Robert Monell & Alex Mendíbil Blog Alliance

THE MIDNIGHT PARTY (1975, Spanish version)

leave a comment »

Image result for The Midnight Party 1975 images

ABOVE: Ramon Ardid and Monica Swinn prepare Lina Romay for torture under the careful direction of Jess Franco,.


aka La Coccolona (Italian release), Heisse Beruhrungen (German version). LADY PORNO (Spanish version) Directed by Tawer Nero (Julio Perez Tabernero) for Titanic Films. This is a sexy spy film once directed by Jess Franco in just a few days at Le Grande Motte,  a hotel in Southern France. A typical Franco strategy. Around the same time, he shot two other films there using the same hotel rooms, casts and crews (DE SADE’S JULIETTE, SHINING SEX).

The version under consideration here has the onscreen title LADY PORNO [Porno Dama], a Spanish variant of Franco’s original MIDNIGHT PARTY. Julio Perez Tabernero, an actor turned producer-director (he can be seen in Franco’s own SADISTEROTICA/Two Undercover Angels), acquired it for his Titanic Films company (Julio, your company needs a new handle!) and reconstructed it as an “American-Belgian” co-production. It’s very amusingly redubbed and rescored with lewd comments, bawdy music and direct-to-the-viewer takes.

Sylvia is a very hot stripper who is introduced dancing in a glittering silver costume. Off stage she carries on an affair with a cheap detective, Al Pereira (Olivier Mathot) behind the back of her longtime squeeze Red Nicholas, a Communist musician frenetically embodied by French film historian and Jess Franco friend, Alain Petit . This is not really another of Franco’s Al Pereira episodes, as he is mainly a player in Sylvia’s story. This is kind of like a live action cartoon (cf LUCKY, THE INSCRUTABLE) with Lina Romay giving it all she has as the resourceful Sylvia. This might actually be my personal favorite of her performances, she mercilessly teases the viewer directly as the interactive approach allows her to pose, stick her tongue out, and make alluring remarks to the audience before turning back to the scene and players at hand, resuming in the traditional fourth wall mode. It’s a lot of good natured fun. Except that the subject is torture. Torture that doesn’t draw blood but really hurts!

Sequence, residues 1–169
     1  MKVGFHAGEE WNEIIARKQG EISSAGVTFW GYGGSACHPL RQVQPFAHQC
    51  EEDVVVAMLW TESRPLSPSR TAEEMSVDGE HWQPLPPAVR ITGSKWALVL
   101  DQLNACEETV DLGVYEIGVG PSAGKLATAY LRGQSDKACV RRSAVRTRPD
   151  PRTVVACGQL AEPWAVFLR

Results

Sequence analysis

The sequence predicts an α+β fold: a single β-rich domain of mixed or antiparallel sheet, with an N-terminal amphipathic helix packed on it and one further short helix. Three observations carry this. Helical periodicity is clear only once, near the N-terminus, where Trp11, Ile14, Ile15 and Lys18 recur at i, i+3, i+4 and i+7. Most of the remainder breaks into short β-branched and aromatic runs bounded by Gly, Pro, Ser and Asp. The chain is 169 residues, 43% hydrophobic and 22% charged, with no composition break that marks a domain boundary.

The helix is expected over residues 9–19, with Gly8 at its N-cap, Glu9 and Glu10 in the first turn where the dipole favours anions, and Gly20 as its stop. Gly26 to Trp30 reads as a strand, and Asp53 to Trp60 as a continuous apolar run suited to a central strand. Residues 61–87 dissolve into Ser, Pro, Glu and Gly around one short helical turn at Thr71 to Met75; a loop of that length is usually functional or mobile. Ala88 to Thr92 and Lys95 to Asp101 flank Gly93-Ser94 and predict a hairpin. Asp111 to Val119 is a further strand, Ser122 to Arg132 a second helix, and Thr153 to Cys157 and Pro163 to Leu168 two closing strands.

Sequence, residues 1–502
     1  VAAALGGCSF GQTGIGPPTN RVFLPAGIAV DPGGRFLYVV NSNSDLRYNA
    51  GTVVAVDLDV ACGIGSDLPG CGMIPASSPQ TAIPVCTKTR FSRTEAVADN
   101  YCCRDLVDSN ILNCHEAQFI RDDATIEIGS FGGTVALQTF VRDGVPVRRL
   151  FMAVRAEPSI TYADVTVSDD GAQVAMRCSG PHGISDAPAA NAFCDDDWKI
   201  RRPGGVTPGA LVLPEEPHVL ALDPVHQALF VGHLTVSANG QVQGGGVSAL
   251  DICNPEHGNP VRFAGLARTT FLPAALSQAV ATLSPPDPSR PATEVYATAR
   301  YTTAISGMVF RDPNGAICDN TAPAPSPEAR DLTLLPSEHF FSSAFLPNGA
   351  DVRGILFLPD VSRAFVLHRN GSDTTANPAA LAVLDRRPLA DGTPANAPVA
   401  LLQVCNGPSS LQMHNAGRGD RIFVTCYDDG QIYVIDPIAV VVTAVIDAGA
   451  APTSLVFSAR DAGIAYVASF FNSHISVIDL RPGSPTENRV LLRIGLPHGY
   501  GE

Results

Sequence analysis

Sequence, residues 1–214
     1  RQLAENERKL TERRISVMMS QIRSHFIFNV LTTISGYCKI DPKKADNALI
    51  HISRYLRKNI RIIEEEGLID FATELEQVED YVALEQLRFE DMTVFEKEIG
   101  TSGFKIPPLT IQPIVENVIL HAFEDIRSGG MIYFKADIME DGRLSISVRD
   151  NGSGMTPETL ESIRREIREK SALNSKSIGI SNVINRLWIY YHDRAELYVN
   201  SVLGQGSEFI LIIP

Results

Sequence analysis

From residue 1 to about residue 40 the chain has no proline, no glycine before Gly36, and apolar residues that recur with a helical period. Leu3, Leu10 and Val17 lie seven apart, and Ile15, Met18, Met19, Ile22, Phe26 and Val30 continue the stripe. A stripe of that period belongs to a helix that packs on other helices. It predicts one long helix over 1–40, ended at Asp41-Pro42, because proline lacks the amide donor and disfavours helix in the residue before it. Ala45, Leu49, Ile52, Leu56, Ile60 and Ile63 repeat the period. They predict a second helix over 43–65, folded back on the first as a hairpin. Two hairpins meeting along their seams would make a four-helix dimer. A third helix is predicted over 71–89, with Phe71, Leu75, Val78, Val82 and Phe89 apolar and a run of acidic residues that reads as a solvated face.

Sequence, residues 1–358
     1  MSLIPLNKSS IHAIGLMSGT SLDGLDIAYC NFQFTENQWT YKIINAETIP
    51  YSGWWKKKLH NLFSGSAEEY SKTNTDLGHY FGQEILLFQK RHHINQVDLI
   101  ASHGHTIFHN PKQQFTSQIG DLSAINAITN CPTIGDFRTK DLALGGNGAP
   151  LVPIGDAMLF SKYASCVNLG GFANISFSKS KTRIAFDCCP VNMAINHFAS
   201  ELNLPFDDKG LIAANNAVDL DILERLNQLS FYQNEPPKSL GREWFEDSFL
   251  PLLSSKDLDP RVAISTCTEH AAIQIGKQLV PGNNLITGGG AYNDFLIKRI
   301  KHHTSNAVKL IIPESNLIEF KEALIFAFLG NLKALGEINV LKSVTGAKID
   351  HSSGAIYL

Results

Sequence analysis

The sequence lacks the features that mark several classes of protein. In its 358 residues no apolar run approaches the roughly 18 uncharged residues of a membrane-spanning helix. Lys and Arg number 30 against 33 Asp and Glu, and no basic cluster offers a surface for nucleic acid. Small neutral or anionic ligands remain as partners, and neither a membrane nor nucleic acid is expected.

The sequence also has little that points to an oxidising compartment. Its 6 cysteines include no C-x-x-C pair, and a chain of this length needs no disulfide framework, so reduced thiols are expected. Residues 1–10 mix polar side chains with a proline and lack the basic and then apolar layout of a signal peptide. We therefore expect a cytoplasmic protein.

Sylvia is taken by Radeck/Agent 008 (Jess Franco himself), a spymaster and professional torture mogul who takes his business very seriously indeed. Look at the way he abuses poor Sylvia: after being stripped and sexually abused by henchmen Monica Swinn and Ramon, she’s poked, punched and cigarette burned by the ingrates under the very close supervision of Radeck. They take her to the “torture clinic” which, this being a Jess Franco shoot, merely means another hotel room (or the same hotel room slightly redressed and shot from a different angle). Choosing pliers they try pulling out her toenails, as Radeck is beginning to lose his patience. At this point one of my favorite moments in Franco’s monumental filmography occurs, and it only last a few seconds–Radeck simply puts a cigarette in his mouth and lights it. That’s it! The exact way which actor Jess Franco suddenly jabs the cigarette into his mouth and fires it up has to be experienced first hand. It’s a grand bit a business, something small made into something very special by a seasoned professional. It will bring a smile to the face of all Franco enthusiasts.

Franco drops the Radeck pose at the end, as Sylvia and Al are escaping he faces the camera and admits to us that it was all an illusion, only a movie. It is Jess Franco talking to us now. We have been spectators. But what are we doing at this venue? Of course, that question is implied rather than asked. Alain Petit is very droll as the Marxist jazz singer. Billed as “Charlie Christian” (cf JUSTINE, the 1979-80 Joe D’Amato composite where he is likewise billed. His footage in that and MIDNIGHT PARTY is rolled over with scenes from SHINING SEX into a unique reedit) he performs his infamous “La Vie est une Merde”, also heard in a blues rendition during Franco’s 1982 EMMANUELLE EXPOSED and in Petit’s documentary THE MAKING OF TENDER FLESH (1997). The Spanish language version which was screened for this review (subtitled in English) is very much in keeping with the joker/trickster impulses which frequently bubble to the surface of Franco’s work. The finale, a shootout with the cops (a minimalist debacle) followed by shots of birds flying in the distance as our couple floats away on a pleasure craft, is post-ironic in the sense that it delivers on expectations which Franco obviously considers bogus while gleefully curving past the generic demands of representational, grade B sexploitation production methodology. In other words: don’t worry, be happy, it’s only a movie.